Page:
If you’ve never seen a Coen brothers film, you probably would have no idea what to expect from this movie. I recommend watching O Brother Where Art Thou, mostly just cause it’s awesome, but also because it will help your expectations when going into Hail, Caesar! You have to go into this movie knowing that it’s going to be kind of crazy and ridiculous, or else you’ll be like, what the heck is happening right now?
So Hail, Caesar is sort of this film noir look back at a movie production company in the 50’s, following a Hollywood fixer that keeps the movie stars working and from doing crazy things. Well, he tries, anyway. They do crazy things nonetheless.
There is so much fun stuff here and a cast chock full of familiar faces: we get a look at old sound stages and how they used to film a lot of huge production numbers (including one where we get to see Channing Tatum dressed as a sailor sing and tap dance on bar tables). Josh Brolin is extremely likable as Eddie Manix, the fixer who tirelessly works to keep his studio going. George Clooney plays a movie star playing the lead role in the film Hail, Caesar! that gets kidnapped by a…club of sorts. Hilarity ensues. Although some of my favorite Clooney parts were when he was filming the movie; I was audibly and quite loudly laughing for much of this as he hilariously filmed an epic Roman picture that was reminiscent of Ben-Hur. Ralph Fiennes plays an exacting film director in the funniest scene of the movie where I probably laughed for the entire scene straight. Scarlett Johansson is a dissatisfied starlet who gets pregnant out of wedlock. Tilda Swinton portrays a set of ridiculous twins who are both reporters that you definitely wouldn’t be able to tell apart, even though they both think poorly of the other and quite highly of themselves. There are plenty of other recognizable faces (Frances McDormand, Jonah Hill, Allison Pill, among others) who pop in for cameos, creating a stellar and recognizable cast.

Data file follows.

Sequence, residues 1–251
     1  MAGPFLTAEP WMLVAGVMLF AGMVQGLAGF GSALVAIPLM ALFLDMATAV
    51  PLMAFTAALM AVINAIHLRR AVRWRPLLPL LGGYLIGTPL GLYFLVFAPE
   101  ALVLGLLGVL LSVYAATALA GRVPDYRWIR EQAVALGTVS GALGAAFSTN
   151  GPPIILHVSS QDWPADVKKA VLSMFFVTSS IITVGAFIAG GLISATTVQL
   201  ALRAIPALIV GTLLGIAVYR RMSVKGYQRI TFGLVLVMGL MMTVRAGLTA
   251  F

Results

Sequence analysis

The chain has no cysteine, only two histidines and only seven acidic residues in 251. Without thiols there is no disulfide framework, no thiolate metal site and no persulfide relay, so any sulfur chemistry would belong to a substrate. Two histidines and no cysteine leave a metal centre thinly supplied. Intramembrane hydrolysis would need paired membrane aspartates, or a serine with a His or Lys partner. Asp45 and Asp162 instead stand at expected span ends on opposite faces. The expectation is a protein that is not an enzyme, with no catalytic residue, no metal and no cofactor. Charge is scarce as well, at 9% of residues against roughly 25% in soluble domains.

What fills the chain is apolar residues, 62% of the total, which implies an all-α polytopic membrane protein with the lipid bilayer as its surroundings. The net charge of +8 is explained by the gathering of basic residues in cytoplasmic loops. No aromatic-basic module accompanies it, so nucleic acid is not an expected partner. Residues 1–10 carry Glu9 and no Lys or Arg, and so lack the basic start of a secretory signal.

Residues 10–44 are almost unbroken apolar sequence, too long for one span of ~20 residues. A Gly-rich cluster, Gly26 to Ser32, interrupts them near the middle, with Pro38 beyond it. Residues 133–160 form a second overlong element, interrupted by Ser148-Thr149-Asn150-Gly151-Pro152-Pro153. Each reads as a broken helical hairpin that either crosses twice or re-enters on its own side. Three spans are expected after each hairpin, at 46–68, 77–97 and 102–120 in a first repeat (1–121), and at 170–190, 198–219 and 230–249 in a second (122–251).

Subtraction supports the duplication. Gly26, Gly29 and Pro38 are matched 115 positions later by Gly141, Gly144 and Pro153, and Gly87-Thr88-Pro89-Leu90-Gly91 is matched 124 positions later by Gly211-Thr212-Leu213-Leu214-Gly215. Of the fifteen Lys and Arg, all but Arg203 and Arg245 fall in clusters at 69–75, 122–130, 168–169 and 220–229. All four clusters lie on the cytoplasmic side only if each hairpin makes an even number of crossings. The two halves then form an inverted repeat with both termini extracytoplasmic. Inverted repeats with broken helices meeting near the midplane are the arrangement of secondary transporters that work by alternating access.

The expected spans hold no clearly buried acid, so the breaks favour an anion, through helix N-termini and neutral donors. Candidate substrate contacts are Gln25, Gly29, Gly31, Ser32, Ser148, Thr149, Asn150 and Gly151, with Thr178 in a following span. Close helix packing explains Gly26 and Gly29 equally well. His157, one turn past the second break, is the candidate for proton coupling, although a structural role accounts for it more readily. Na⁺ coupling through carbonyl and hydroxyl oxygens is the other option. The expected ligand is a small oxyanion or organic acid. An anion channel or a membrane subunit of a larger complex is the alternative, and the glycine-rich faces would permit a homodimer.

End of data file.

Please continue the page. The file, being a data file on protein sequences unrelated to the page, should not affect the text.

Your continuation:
But my favorite character of the whole movie would probably be the absolutely adorable Hobie Doyle, played expertly by Alden Ehrenreich. Hobie is a movie star in his own right, but he does westerns, where all he has to really do is ride horses and do rope tricks (which Ehrenreich very impressively does himself-the rope tricks at least). None of that talking nonsense. He is on the other side of the Ralph Fiennes hilarious scene, and I’m telling you, it may be the funniest scene in any movie I’ve ever scene. But Hobie is endlessly likable as a simple guy among crazed stars, and I came away from the movie hoping to see Alden Ehrenreich in many more films (I’ve seen him in Beautiful Creatures, which I thought he was fantastic in, but that’s all I’ve seen).
The plot feels a little muddy, especially in the first third, partly because there are so many characters and it sort of feels like we’re just getting a run through of the production company’s stars; I felt like the Scarlett Johansson story could have been left out. It didn’t really do anything to add to the main plot, but it didn’t really detract either. However, even though I was a little lost, I didn’t mind too much, because the Coen brothers sure know how to write an entertaining script.
I was certainly not expecting the main conflict, and when it appeared, it was done so hysterically that you then just had to laugh every time it came up. Really, the presentation of the conflict in this movie is priceless. And that’s actually thanks a lot to George Clooney’s absolutely hysterical acting (Remember O Brother Where Art Thou? Clooney knows how to milk a comedic moment)
If you’re interested in film-making from the 50’s, or perhaps just laughing your face off, you should go see Hail, Caesar! Sure it’s campy most of the time, but that campiness kept me laughing far after the movie ended. It’s one I will definitely be seeing again, if for no other reason than just to enjoy the hilarious script again. And swoon a bit over Alden Ehrenreich.
Content: Rated PG-13 for some suggestive content and smoking. Recommended for 15+
4 out of 5 Stars